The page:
When the Trenton Thunder (the Buffalo Bisons version) take the field Tuesday night against the Worcester Red Sox, it will be the first time in nearly 60 years that New Jersey has been home to a Triple-A team.
Several factors led to this development — the pandemic, the restructuring of the minor leagues, the Yankees’ decision to move their Double-A affiliate from Trenton to the Somerset Patriots some 36 miles north — and it won’t be permanent. But starting on Tuesday, for as many as 70 games (pending rainouts, the pandemic, or the Bisons returning to Buffalo), the Garden State will host Triple-A baseball once again.
The last team at that level to call New Jersey home was the Jersey City Jerseys of the International League. The Jerseys’ arrival was hastily arranged, as indicated by their uninspired name and basic uniforms. They began life in 1946 as the Havana Cubans, soon to be renamed the Sugar Kings and join the IL in 1954. Five years later, as an affiliate of the Cincinnati Reds (or Redlegs), the Sugar Kings won the Little World Series over the American Association’s Minneapolis Millers. In June 1960, when Fidel Castro nationalized U.S.-owned enterprises in Cuba, baseball commissioner Ford Frick pulled the Sugar Kings from the IL and placed them in Jersey City’s available Roosevelt Stadium — in the middle of the season.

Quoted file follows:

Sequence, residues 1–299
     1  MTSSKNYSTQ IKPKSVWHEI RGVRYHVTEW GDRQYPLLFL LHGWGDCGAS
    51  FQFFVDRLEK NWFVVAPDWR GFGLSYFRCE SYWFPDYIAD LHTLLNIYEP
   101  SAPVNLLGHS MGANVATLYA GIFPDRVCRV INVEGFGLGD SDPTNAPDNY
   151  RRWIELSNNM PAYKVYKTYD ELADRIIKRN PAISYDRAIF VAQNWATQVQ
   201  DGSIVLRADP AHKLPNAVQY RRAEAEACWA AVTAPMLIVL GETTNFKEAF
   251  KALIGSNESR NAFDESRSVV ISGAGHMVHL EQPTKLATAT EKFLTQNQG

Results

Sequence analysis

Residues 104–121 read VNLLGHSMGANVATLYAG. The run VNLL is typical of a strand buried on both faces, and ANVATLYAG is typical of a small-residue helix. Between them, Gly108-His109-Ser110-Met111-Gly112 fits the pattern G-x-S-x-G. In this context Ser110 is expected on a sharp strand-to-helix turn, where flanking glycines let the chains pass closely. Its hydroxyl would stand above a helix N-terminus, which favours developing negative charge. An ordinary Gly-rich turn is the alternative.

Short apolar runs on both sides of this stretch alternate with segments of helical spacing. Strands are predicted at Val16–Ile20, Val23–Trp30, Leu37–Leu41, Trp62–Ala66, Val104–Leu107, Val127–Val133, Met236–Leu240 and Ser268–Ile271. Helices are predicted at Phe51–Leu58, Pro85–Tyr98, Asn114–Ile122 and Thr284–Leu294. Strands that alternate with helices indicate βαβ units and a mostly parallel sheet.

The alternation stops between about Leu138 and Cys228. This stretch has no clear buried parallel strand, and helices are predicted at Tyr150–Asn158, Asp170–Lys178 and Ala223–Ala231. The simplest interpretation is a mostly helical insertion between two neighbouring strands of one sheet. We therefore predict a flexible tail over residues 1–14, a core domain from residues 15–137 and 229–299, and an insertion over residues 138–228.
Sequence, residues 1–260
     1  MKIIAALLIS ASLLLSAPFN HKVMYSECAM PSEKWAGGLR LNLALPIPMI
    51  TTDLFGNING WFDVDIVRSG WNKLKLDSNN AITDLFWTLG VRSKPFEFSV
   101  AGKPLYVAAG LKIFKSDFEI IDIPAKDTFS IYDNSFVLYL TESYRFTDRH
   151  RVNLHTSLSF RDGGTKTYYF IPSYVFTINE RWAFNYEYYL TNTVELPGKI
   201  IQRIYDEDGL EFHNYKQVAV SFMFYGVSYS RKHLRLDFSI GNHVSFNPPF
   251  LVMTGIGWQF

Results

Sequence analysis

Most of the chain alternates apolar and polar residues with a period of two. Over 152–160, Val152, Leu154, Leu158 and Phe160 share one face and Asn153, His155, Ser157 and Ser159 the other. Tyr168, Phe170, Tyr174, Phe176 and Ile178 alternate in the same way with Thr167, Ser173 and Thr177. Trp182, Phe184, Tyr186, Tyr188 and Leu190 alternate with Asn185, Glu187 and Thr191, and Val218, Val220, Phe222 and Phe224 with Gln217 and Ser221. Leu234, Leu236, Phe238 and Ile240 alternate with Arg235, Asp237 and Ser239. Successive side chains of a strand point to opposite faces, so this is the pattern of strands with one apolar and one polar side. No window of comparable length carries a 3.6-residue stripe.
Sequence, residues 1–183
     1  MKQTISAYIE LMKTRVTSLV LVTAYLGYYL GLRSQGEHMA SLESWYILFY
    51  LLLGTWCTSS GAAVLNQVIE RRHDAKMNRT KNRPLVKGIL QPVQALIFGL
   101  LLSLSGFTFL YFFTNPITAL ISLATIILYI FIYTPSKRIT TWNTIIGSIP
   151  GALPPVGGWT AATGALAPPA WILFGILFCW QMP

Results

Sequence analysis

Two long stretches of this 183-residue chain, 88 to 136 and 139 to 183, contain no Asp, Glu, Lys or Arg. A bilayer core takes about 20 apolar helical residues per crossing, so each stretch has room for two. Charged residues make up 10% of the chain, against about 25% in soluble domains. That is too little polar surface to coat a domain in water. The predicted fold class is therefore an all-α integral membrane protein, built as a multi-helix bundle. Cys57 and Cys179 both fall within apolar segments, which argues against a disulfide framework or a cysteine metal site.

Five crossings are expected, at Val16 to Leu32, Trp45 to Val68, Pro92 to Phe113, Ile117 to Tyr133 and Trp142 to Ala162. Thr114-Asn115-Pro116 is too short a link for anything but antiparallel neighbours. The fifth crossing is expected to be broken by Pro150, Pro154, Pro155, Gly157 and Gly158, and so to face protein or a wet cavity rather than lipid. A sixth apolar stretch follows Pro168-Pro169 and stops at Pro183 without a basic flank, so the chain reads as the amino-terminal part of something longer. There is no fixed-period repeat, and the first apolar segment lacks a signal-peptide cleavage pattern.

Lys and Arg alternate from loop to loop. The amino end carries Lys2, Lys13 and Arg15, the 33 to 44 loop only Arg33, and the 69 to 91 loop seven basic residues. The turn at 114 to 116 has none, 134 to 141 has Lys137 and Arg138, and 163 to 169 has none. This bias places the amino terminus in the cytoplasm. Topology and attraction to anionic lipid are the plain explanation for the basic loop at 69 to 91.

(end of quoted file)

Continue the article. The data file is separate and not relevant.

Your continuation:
But the Jerseys never caught on. Attendance was disappointing throughout their season-and-a-half tenure, and after the 1961 season, the franchise was sold to the Cleveland Indians, who moved it to Jacksonville, Fla. (There, known as the Suns, it became the Triple-A affiliate of the New York Mets — Tom Seaver ’66 and Nolan Ryan ’67 are alumni — but in 1969 it was moved again, to Norfolk, Va., where it became known as the Tidewater Tides.)
The last Triple-A games played in New Jersey — until this year — took place over the weekend of Sept. 8-10, 1961. The Richmond Virginians, a Yankees affiliate, were in town for a four-game series to close the season. The teams split a Friday doubleheader, Richmond winning the first game 4-2 and Jersey City taking the nightcap 8-1. The Jerseys won Saturday’s game 10-3 before a 2-0 victory on Sunday to finish with a three-game winning streak.
While Jersey City had a brief return to affiliated ball in 1977 and ’78 with the Indians and A’s, respectively, those clubs were in the Double-A Eastern League. And that was it for teams with Major League affiliates in the Garden State until the Thunder arrived in ’94.
But now, perhaps for this season, the highest level of minor league ball is back.